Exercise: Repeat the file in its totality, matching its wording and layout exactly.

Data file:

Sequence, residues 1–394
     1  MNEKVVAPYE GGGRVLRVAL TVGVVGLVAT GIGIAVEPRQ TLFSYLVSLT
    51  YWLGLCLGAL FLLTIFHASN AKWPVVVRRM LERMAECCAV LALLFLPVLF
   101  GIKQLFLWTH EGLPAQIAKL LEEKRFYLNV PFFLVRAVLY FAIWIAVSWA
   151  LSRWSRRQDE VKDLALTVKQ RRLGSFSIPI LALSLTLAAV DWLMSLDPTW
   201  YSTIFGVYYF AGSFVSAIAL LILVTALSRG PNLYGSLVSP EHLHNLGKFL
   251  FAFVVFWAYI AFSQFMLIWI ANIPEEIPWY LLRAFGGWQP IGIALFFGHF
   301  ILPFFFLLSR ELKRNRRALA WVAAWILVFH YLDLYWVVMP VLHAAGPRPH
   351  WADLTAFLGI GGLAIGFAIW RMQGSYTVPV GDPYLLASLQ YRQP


Sequence, residues 1–394
     1  MNEKVVAPYE GGGRVLRVAL TVGVVGLVAT GIGIAVEPRQ TLFSYLVSLT
    51  YWLGLCLGAL FLLTIFHASN AKWPVVVRRM LERMAECCAV LALLFLPVLF
   101  GIKQLFLWTH EGLPAQIAKL LEEKRFYLNV PFFLVRAVLY FAIWIAVSWA
   151  LSRWSRRQDE VKDLALTVKQ RRLGSFSIPI LALSLTLAAV DWLMSLDPTW
   201  YSTIFGVYYF AGSFVSAIAL LILVTALSRG PNLYGSLVSP EHLHNLGKFL
   251  FAFVVFWAYI AFSQFMLIWI ANIPEEIPWY LLRAFGGWQP IGIALFFGHF
   301  ILPFFFLLSR ELKRNRRALA WVAAWILVFH YLDLYWVVMP VLHAAGPRPH
   351  WADLTAFLGI GGLAIGFAIW RMQGSYTVPV GDPYLLASLQ YRQP